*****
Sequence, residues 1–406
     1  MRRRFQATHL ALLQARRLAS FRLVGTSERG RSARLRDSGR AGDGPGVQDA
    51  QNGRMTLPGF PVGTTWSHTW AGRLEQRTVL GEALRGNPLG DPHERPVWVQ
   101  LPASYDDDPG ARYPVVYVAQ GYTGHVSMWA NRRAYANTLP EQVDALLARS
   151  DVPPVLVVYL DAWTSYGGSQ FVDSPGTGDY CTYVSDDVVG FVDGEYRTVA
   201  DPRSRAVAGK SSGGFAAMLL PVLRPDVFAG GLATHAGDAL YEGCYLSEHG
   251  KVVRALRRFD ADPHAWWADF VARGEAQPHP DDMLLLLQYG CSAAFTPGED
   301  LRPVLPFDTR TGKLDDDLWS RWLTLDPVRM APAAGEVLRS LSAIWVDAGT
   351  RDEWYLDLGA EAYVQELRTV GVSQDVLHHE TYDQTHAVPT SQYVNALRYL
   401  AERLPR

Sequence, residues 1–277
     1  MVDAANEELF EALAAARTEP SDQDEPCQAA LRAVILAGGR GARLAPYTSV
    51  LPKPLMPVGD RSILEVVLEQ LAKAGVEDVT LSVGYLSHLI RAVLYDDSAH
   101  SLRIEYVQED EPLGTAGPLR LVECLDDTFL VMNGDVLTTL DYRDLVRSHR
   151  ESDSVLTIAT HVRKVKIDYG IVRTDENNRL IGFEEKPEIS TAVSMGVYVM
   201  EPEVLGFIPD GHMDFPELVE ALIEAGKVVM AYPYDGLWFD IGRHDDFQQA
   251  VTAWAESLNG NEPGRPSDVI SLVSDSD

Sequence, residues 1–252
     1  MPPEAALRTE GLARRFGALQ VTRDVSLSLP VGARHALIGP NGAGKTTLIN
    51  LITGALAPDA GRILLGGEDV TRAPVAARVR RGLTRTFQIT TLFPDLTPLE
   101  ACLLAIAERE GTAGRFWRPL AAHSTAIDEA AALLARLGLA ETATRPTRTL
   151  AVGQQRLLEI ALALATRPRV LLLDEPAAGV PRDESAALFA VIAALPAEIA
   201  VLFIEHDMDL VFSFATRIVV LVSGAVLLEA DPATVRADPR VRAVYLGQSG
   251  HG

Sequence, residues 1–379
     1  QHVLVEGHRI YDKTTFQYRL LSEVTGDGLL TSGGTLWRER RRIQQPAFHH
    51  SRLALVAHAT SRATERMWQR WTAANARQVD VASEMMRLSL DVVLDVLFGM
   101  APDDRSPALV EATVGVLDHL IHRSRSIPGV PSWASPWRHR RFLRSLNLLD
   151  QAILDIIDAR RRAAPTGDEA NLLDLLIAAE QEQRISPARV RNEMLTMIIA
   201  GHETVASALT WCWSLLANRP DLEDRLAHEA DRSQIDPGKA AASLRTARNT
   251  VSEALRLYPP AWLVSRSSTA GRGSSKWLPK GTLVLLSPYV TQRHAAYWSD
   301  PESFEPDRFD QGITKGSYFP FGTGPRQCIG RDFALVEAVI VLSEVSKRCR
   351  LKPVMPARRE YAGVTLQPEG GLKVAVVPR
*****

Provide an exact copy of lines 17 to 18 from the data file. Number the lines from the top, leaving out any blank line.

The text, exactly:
   251  VTAWAESLNG NEPGRPSDVI SLVSDSD

Sequence, residues 1–252